I would setup - ideally with a good, strong media partner - an alternative 'OPEN' store. A store open to all kind of media storage and with purchasing options.
Provide a nice tool to download the purchased content from iTunes and store it in the new store.

So there would be a platform, open to all hardware devices and any kind of media. (With DRM or without.)

Make the Apple arrogance their Achilles heel.

Just my 2 cents.

icarus

Palm III, Palm III, Palm m105, Palm Tungsten T, palmOne LifeDrive, palmOne Tungsten T5, Palm TX, palm Tréo 680.
& palm pré on the wish list !

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Apple meh

Nycran @ 9/24/2009 6:31:26 AM # Q
Whilst I love that Palm is sticking it to Apple (I have 0% love for Apple), it scares me a bit that Palm are behaving more and more like Apple every day, with all the vendor lock-in and usage monitoring going on. Right now the consumer gets more freedom with Windows Mobile, which is.... weird.

I blame the carriers though. They are about pure concentrated evil.

For when you'd rather be doing anything other than paperwork.
http://www.rypenow.com

RE: Apple meh
Tim Carroll @ 9/24/2009 7:01:58 AM # Q
^^ On Palm's own schizophrenia of late (with regard to consumer freedom), I've been stewing on another editorial about that for the last coupla weeks. I'm going to try and flush the bugger out next week. (Working title: A Tale Of Two Palms)
RE: Apple meh
twrock @ 9/24/2009 8:32:34 AM # Q
Nycran wrote:
Right now the consumer gets more freedom with Windows Mobile, which is.... weird.

Yep, and isn't that just crazy to think about? Up until about two years ago I believed helping Apple succeed was a good thing for all of us. I don't think that way any more. And the more Palm looks like Apple, the less I'm interested in them as well.

Hey Palm! Where's my PDA with Wifi and phone capabilities?

RE: Apple meh
abosco @ 9/24/2009 8:54:59 AM # M Q
Strangely enough, I feel that way more about Google than any other company right now. They are an aspiring Microsoft.

Apple, on the other hand, is more concerned with their own walled garden, not taking over the world. Releasing DRM from iTunes music is an example of that to me. Meanwhile, Microsoft pushes WMA and Sony just ceded it's ATRAC.

RE: Apple meh
twrock @ 9/24/2009 9:38:20 AM # M Q
With Google, there's plenty to be concerned about. But I do look at Android differently. Google's business model does not have them controlling ALL aspects of the system. And anyone is free to fork the opensource parts, so I'm not as concerned with Andoid. And there's some "give & take" built into it because Google needs to work with the hardware manufacturers. Apple doesn't need anybody. That's great for investors, but I can't say the same for consumers in the long run.

As always, YMMV.

RE: Apple meh
abosco @ 9/24/2009 10:44:57 AM # M Q
Yeah, and I see that with Google's approach to Android. But I'm still left scratching my head, wondering how Android will make Google any money. I understands it integrates with their services, but it's not unique in that. The iPhone comes out of the box packed with YouTube, Google Maps, search in Safari, GMail push, and all available apps. The Pre is very similar. How do they plan to make money from Android that they wouldn't otherwise? It must be expensive to have all that staff working on it.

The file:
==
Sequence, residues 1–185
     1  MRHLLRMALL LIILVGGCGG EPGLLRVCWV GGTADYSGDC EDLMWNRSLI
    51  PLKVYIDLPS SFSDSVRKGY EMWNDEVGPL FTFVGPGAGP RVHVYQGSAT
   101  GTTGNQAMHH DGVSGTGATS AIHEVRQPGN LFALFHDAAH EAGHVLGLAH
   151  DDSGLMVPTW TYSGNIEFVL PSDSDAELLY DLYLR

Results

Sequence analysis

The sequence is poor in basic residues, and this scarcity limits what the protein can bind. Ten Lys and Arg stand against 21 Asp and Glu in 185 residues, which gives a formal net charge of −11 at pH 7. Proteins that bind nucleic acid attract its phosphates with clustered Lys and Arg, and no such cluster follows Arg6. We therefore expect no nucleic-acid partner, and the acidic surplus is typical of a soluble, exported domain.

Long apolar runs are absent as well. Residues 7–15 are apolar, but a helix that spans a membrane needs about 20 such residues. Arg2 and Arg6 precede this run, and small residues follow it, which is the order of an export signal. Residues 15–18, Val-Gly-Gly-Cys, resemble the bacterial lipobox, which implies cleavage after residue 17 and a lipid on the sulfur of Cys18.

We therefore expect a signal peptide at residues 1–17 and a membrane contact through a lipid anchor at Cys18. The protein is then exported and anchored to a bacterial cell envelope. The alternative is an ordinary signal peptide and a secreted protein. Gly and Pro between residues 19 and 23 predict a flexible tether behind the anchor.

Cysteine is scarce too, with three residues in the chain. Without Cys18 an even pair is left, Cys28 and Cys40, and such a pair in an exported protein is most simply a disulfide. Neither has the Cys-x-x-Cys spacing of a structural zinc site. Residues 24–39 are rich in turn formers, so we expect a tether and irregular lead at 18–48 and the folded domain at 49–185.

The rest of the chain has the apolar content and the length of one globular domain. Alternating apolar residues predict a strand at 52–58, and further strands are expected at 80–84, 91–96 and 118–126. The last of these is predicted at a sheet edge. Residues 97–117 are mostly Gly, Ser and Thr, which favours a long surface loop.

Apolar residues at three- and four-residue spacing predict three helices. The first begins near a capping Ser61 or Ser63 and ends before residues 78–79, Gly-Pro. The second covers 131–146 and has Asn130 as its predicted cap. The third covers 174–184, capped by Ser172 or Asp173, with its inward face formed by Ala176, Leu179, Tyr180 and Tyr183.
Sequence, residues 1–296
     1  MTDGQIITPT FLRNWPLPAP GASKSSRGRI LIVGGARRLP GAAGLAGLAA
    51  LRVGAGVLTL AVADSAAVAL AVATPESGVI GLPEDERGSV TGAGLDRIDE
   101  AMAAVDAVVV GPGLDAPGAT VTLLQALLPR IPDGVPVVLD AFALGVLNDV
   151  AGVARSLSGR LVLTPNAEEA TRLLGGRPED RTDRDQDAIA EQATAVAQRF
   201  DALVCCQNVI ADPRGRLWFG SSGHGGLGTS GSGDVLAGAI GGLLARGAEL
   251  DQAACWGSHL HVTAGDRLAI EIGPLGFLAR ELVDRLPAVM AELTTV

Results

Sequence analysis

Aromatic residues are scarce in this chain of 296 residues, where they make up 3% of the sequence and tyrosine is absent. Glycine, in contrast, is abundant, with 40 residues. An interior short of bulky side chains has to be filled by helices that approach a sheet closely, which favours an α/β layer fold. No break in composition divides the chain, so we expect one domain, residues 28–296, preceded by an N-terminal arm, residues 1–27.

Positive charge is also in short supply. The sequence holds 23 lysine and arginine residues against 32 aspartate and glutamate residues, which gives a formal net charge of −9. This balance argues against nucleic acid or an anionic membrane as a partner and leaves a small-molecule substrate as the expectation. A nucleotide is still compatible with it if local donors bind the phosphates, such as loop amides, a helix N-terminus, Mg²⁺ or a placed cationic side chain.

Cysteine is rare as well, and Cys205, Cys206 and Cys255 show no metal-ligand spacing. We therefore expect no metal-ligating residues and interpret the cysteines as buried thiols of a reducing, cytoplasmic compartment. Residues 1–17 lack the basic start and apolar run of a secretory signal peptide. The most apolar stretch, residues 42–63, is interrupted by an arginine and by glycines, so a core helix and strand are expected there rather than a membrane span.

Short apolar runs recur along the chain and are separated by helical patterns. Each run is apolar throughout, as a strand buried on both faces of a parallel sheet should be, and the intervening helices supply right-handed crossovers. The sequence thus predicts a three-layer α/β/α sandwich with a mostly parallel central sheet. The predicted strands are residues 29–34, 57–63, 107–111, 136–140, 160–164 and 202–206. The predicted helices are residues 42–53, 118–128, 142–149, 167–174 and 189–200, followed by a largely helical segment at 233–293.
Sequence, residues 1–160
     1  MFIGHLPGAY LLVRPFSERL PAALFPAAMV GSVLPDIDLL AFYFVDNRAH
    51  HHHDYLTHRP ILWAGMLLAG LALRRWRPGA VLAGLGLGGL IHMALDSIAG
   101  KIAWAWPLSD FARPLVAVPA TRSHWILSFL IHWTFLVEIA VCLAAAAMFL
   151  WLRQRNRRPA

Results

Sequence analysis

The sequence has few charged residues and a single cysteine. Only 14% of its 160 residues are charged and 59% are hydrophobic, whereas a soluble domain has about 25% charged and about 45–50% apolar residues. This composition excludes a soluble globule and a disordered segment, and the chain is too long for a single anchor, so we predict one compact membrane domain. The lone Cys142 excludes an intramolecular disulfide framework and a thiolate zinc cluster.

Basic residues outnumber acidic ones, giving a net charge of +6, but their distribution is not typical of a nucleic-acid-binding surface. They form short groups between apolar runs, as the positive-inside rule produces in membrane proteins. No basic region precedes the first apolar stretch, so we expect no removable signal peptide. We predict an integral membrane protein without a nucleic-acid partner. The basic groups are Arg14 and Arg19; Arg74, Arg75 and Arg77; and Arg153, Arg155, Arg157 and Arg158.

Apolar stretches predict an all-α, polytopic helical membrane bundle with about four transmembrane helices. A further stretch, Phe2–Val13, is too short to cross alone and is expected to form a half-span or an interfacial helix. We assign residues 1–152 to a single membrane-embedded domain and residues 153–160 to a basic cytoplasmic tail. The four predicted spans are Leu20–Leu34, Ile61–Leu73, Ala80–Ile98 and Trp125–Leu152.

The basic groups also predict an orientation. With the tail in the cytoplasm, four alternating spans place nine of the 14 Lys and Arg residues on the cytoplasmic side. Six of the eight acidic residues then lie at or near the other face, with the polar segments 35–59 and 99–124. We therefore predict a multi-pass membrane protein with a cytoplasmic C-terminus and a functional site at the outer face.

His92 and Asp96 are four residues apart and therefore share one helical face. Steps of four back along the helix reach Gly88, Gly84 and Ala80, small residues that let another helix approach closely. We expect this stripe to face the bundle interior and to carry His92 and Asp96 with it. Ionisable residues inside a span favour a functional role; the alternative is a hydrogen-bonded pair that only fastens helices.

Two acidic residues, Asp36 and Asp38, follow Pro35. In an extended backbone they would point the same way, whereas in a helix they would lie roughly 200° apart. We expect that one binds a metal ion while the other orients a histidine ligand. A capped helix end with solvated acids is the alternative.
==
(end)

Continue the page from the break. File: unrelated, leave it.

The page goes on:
RE: Apple meh
twrock @ 9/24/2009 5:15:45 PM # Q
My take, based on a little reading, a little speculating, and mostly guessing (FWIW), is that there are a few values that Android brings to Google.

Name recognition: you talk about Android and you're talking about Google.

Competition: more OS's, and particularly more "open" OS's, doesn't hurt Google in any way. They sell advertising, not OS's. If they can cause Android to have significant marketshare, it helps level the playing field so that no one else gets too big (cf. Microsoft on the desktop). If Android somehow really skyrockets, it's "Google's" OS, so no harm to them in any way (only more advantage). And I really do think someone over at Google loves sticking it to MS. How could you not enjoy watching Balmer's explode with anger when you know there's nothing he can do about it? That's part of the beauty of free/opensource software. The other guys can only bad-mouth it, but they can't get rid of it.

But here's the biggie: Advertising. It's always been advertising with them. The core business. If they help along the uptake of smartphones world wide, there will be more people online more of the time seeing more Google ads. Google is pretty confident that they can stay at the top of the search game, and they aren't doing too badly with other online services. Because they are the core developers of Android, they will always have "preferential treatment" when it comes to the use of Android on devices and even what the "preferred apps" that end up on all those phones are.

Mobile is exploding and Google is right in there. Smart, very smart.

I'm sure better minds than mine can come up with better reasons, but that's how I see it at the moment.